Nike’s New House of Innovation: The Future of Retail
February 27, 2019
As consumers shop seamlessly across all formats and platforms, it’s clear that brick-and-mortar stores still have a place in retail. Though customers do still frequent physical outlets, they increasingly expect a digital in-store experience. Digital interactions influence up to 75% of all in-store visits, and mobile is leveraged in almost half of all in-store shopping experiences.
Nike’s debut of its ‘House of Innovation’ experiential stores in Shanghai and New York are the sportswear giant’s latest efforts to take a leading role with the latest industry trends. Drawing largely on Nike’s app features, the store transforms into a personal and interactive retail environment. Wondering what awaits shoppers at Nike’s digitalized mortar doorsteps? Read on to join us on this futuristic tour.
Reserve Online, Try In-Store
Despite the undeniable advantages of online shopping, consumers still want to try items before making a purchase. 42% of millennials and 38% of Generation Z say it’s important that before purchasing, they try items on in-store after viewing them online. Nike allows shoppers to go one step further through the free ‘reserve and try’ feature on their app.
Upon receiving reservations, staff reserves the items in digital lockers which shoppers unlock with their phones. Shoppers can then complete the purchase via the Nike app.
For convenience, lockers used for reservations and pick-ups are strategically located on the store’s ground floor and have a separate entrance, enabling customers to quickly get in and out of stores. Online shoppers can also opt to pick up their new products from an in-store digital locker via the Nike app.
In today’s hyperconnected world, customers are creatures of convenience, and Nike’s House of Innovation demonstrates how online purchasing can be broken down.
In-Store Technology Enhances Customer Experience
In retail overall, 67% of shoppers leave stores empty-handed because they can’t find the products they’re looking for. To combat this obstacle, Nike’s House of Innovation uses digital scanning technology to transform frustrating in-store experiences into positive value-add visits.
Using the ‘shop the look’ app feature, shoppers can scan QR codes at mannequins’ bases to see the details of every item, including size and color options.
To try on any of the mannequin pieces, shoppers add items to a try-on list and request that sales associates bring them their selection or send them to a fitting room where they can try on the outfit in different lighting conditions.
Shoppers can even research and try on shoes without interacting with a store associate, by using the app to scan the barcode on a shoe to search the model, color options, and inventory online and in-store. To try on the shoes, shoppers tap the “request try-on” button and a store associate brings the shoes to them at a designated pickup area for app users.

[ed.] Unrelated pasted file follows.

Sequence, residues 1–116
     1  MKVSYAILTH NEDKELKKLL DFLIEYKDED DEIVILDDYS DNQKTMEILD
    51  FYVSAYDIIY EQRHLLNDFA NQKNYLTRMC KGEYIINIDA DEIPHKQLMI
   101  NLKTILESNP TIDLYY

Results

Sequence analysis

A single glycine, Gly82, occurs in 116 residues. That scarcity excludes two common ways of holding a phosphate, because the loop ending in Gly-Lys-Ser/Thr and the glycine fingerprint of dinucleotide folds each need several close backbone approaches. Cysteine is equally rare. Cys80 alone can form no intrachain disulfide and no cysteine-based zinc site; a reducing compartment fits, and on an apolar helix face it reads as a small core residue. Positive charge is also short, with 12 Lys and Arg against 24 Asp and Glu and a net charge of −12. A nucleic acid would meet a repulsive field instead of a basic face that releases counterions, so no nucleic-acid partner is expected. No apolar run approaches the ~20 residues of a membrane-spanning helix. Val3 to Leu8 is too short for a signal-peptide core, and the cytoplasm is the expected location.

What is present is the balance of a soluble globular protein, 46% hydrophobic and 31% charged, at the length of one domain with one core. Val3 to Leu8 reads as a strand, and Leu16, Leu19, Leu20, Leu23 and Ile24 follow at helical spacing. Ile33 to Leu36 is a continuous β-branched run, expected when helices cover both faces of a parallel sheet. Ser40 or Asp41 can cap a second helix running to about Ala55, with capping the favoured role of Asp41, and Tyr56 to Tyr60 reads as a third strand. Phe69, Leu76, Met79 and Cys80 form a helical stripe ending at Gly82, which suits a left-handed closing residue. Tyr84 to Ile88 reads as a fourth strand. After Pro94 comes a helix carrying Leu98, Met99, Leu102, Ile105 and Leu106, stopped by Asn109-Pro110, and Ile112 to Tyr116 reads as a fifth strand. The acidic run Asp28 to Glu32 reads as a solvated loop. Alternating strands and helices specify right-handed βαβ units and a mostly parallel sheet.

By leveraging technology that improves the in-store experience, Nike’s House of Innovation redefines self-service and helps customers shop with ease and speed.
While the concept of self-checkout isn’t new, it’s still far from perfect. Nike’s instant checkout option eliminates speed bumps found at other retailers’ self-checkouts, such as purchase verification and tag removal stations.
At Nike, not only can shoppers check out anywhere in the store, but the app eliminates the need for checkout lines: shoppers scan products, tap the purchase button, receive their payment receipt within the app, and walk out of the store. The app uses new or previously stored payment details and supports payment services like Apple Pay and PayPal to further ease the transaction.
Personalization and Speed Through Data
Following Nike’s acquisition of consumer data firm Zodiac, it’s no surprise that their latest venture, backed by digital commerce data, brings the online shopping experience to life. When a NikePlus member walks into the store, their app homepage instantly features new content and offers.
The company also uses data to forecast demand and proactively fulfill shoppers’ “right here, right now” retail expectations. Building off discoveries from their retail concept Nike Live, Speed Store merchandise — top-selling items stocked using insights based on in-store, online, and other sales data — is customized to meet local demand.
Welcome to Your Future
As 2019 unfolds, we’ll likely see other big brands following Nike’s lead, building digital brick-and-mortar stores that deliver hyper-personalized, omnichannel experiences — anticipating customer needs and offering real-time value with high levels of digital integration.
Stores remain an important part of the shopping journey, but the recently paved intersection of digital and physical environments is crucial for retailers. When rethinking your omnichannel strategy, invest in journey mapping to proactively address and solve customer pain points.
The future of retail has few ‘traditional’ stores, and only brands that are fluid, hyper-responsive to consumer needs, and able to deliver a seamless shopping experience online and in-store will thrive.
Originally published at postfunnel.com on February 27, 2019.